The entire time we were in South Africa, James and I had agonized together and separately about the upcoming voyage.  Up until just days before we departed, I wasn't even sure we were going to do it, as we had gone back and forth so many times about whether or not we would make this run as a family.

We were leaving later in the season, which meant longer, colder nights, but less risk of cyclones, hopefully less need of having to run super deep down south, and less risk of bergs.  We knew that no matter how much preparation, care, and caution we had taken to get the boat and ourselves ready, we always had to contend with chance and the risk of the great unknown.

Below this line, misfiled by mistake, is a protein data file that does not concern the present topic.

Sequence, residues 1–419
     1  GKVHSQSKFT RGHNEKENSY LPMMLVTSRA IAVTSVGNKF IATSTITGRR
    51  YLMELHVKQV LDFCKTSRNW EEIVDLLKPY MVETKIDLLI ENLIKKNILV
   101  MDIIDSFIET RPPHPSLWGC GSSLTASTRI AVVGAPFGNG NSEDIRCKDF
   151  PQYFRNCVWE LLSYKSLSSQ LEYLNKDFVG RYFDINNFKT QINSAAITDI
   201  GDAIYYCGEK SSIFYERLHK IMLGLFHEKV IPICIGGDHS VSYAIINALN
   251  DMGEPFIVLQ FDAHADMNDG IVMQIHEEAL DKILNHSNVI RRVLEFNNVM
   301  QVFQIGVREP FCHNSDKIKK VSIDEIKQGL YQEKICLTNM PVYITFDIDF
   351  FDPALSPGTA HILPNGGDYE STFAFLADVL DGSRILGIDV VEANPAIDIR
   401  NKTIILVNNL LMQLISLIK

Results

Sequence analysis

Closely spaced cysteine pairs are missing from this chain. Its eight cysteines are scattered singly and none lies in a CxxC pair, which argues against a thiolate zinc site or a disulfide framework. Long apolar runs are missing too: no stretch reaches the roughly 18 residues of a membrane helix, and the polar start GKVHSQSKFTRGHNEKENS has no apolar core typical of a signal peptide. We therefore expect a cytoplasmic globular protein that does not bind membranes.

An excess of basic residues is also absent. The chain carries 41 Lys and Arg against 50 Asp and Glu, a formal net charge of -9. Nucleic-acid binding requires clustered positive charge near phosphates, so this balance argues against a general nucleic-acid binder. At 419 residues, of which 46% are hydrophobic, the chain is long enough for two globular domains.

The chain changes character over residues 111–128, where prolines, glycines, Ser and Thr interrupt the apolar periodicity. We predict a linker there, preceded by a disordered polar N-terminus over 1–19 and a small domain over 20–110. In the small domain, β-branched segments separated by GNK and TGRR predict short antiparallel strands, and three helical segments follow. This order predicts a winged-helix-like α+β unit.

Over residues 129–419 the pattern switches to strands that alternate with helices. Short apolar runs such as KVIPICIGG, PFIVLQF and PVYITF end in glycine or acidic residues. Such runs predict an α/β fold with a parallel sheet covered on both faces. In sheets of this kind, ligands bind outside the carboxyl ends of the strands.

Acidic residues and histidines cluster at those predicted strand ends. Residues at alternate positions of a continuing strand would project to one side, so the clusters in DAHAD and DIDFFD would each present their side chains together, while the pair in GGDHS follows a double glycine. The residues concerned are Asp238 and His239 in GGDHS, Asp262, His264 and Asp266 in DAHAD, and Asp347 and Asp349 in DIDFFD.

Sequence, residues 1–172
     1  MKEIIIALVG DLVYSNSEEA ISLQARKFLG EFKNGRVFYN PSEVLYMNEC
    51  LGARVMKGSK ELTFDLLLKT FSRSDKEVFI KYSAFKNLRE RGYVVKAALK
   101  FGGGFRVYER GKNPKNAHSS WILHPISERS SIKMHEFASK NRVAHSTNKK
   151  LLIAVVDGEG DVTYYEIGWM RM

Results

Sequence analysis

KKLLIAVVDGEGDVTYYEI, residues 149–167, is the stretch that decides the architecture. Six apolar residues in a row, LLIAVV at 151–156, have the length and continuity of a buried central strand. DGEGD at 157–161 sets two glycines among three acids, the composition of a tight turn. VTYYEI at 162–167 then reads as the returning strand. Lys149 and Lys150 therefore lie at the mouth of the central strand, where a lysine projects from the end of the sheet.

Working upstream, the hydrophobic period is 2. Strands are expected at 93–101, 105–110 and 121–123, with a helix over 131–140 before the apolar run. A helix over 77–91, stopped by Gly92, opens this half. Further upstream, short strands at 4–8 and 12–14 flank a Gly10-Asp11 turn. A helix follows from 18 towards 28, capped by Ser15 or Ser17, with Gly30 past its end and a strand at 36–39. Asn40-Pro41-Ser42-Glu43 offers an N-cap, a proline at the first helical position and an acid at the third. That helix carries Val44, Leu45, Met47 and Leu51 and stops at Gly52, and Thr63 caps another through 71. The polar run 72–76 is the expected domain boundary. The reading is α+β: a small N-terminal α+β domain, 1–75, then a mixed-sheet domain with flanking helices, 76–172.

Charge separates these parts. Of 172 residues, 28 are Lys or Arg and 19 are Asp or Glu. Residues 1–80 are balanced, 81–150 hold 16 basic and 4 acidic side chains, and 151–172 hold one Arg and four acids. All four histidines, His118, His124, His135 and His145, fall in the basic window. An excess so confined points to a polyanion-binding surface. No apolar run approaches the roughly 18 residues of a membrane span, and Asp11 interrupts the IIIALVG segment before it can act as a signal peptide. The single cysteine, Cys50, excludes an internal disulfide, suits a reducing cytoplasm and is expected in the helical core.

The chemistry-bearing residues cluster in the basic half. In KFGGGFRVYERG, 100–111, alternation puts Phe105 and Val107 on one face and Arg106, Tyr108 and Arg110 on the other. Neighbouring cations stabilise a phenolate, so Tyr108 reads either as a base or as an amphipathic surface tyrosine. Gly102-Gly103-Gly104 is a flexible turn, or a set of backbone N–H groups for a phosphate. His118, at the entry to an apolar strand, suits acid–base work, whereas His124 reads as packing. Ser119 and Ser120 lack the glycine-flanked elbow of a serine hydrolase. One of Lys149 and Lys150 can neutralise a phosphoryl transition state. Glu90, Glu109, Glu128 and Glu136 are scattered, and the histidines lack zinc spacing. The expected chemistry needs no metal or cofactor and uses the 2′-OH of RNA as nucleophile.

We thought about South Africa and all of the other dangers of the world and wondered where we had the greater chance of getting hurt - staying there on the land or going out into the Southern Ocean.  In the end, we decided we were ready to manage the risk of being at sea, and that we would sail this stretch of ocean as conservatively as possible.  James’ previous experience in the same stretch of ocean put me at ease, especially as he had made it into the port of Albany unassisted with a broken rig during his solo circumnavigation in 2007.

We departed the Cape of Good Hope with an enormous amount of trust in the strength of our carbon composite home, Anasazi Girl, as well as trust in our own strength as adventurers, sailors, and parents.